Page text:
Betsabé D. Castro Escobar

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¡Hola! I am a second year graduate student with Paul Fine and Thomas Carlson in the Department of Integrative Biology at the University of California, Berkeley . My general research interests lie in the intersection of the fields of tropical ecology and ethnobotany. I am especially interested in how humans can promote evolutionary responses to culturally significant plants. I attempt to compare the phenotypic variation and plasticity of ethnobotanical plants in different islands of the Caribbean Basin. I am also interested in establishing research sites in Northern California and the Amazon.

Through my academic development, I have learned the importance of a holistic approach in research through my coursework in Botany, Ecology, and Anthropology. By applying mixed methods, my efforts as an interdisciplinary scientist have also sparked my interest for understanding mechanisms that drive biocultural loss through studying the relationships between people and their environments; how people use plants and for what purposes; and how to best preserve traditional botanical and ecological knowledge. I am a strong advocate for promoting diversity within STEM fields in academia and encouraging outreach activities to communicate our science to the general public. I am currently a graduate fellow for the NSF GRFP (Graduate Research Fellowship Program). I am also a recipient for the UC Berkeley Chancellor’s Diversity fellowship. If you have any questions in regards to my interests, past projects, Berkeley, or want advice about applying to the NSF GRFP feel free to can contact me.


Waser NM, Price MV, Blumstein DT, Arózqueta R, Castro Escobar BD, Pickens R, Pistoia A. 2014. Coyotes, deer & wildflowers: Diverse evidence points to a trophic cascade. Naturwissenshaften. DOI: 10.1007/s00114-014-1172-4. PDF

Past projects:

Evaluating linguistic endangerment worldwide from a socioecological approach (2013 – 2015).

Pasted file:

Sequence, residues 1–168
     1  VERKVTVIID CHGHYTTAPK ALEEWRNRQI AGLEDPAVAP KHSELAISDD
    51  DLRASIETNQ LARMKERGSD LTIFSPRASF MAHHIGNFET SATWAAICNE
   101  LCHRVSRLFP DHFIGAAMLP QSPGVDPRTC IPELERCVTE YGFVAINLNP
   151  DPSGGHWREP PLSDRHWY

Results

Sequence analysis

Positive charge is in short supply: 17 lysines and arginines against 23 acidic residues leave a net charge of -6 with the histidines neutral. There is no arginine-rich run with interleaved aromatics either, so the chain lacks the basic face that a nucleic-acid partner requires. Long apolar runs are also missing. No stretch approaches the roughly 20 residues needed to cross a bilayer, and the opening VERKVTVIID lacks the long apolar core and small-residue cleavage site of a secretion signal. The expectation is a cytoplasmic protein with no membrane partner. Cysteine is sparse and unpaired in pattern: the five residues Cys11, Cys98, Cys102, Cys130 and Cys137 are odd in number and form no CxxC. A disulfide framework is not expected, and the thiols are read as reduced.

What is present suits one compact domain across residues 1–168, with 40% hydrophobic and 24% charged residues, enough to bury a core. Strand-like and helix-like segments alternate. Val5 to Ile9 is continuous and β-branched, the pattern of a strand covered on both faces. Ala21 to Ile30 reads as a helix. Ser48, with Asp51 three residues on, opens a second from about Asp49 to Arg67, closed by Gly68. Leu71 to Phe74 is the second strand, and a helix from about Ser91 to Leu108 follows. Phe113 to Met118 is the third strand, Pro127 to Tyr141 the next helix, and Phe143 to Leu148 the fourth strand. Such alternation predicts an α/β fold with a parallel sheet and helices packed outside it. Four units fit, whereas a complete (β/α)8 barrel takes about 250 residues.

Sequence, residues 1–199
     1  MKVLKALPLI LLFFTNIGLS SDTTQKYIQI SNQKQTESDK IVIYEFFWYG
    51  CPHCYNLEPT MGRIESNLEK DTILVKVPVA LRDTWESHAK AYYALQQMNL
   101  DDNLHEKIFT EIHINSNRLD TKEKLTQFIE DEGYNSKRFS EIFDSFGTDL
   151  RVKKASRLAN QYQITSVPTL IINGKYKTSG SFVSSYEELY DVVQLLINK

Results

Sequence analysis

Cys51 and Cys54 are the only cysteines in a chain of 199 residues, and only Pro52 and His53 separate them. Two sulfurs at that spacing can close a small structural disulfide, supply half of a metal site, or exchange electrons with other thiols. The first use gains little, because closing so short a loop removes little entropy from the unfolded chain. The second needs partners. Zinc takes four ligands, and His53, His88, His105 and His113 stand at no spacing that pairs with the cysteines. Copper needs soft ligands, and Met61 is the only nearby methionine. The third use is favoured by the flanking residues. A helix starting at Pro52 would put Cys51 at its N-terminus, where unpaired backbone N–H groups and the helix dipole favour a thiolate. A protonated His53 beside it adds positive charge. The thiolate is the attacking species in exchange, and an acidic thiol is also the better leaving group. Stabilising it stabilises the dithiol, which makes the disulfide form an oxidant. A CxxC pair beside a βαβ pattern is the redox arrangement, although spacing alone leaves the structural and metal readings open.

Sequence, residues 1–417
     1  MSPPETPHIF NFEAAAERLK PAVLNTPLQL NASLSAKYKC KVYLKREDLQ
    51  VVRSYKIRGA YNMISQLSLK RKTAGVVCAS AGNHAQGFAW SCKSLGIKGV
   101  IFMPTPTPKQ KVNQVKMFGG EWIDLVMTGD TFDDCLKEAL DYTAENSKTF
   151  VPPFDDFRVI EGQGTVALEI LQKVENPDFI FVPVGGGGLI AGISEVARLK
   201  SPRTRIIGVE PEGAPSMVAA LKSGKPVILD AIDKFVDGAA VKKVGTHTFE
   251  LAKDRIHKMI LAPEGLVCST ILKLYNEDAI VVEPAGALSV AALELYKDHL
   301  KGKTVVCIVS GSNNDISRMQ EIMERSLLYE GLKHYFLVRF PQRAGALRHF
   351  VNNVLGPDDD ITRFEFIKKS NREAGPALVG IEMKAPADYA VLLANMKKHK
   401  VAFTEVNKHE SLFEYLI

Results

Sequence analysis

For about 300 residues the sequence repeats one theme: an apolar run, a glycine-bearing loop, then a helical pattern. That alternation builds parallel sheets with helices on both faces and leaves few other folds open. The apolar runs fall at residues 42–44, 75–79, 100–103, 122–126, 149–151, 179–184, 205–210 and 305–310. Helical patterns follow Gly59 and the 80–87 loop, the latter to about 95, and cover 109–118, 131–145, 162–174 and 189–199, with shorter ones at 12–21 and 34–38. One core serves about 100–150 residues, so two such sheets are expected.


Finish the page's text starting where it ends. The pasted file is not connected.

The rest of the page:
Dr. Robert Walker, University of Missouri.

With my master’s thesis, I aimed to expand on socio-ecological predictors that can drive human language endangerment and develop spatial models that shed light into mechanisms of language loss.

Ethnobotanical benefits of invasive plant species in Puerto Rico (2012 – 2013).

Dr. Gladys Nazario, University of Puerto Rico.

In this study I helped to identify ethnobotanical flora in Puerto Rico with edible, medicinal, and toxic properties that were non-endemic to the island.

Approximations to biocultural conservation of plants & birds in Puerto Saavedra, Chile (2011 – 2012).

Dr. Victoria Castro from University of Chile & Dr. Ricardo Rozzi from University of North Texas.

As part of an international research experience for students program, I explored the biocultural diversity and traditional ecological knowledge of a Mapuche Lafkenche (“people of the sea”) in the community of Puerto Saavedra in Chile’s Ninth Administrative Region.

A possible trophic cascade involving humans, coyotes, mule deer, and native wildflowers (2010).

Dr. Mary Price & Dr. Nick Waser, Rocky Mountain Biological Laboratory.

In this research experience for undergraduates, I examined potential trophic interactions between people, coyotes (Canis latrans), mule deer (Odocoileus hemionus), and native wildflowers at Gothic, Colorado.

Variation in Native and Cactaceae Seeds in the Soil as a Function of an Invasive Exotic Grass (2009 – 2010).

Dr. Elvia Meléndez-Ackerman, University of Puerto Rico.

An undergraduate research project designed to understand the ecological role of the invasive African grass Megathyrsus maximus on native plant communities and seed bank dynamics on Mona Island, Puerto Rico.

Contact info: 

Betsabé D. Castro Escobar

PhD Student, PIs. Fine & Carlson

Department of Integrative Biology

University of California, Berkeley

NSF Graduate Research Fellow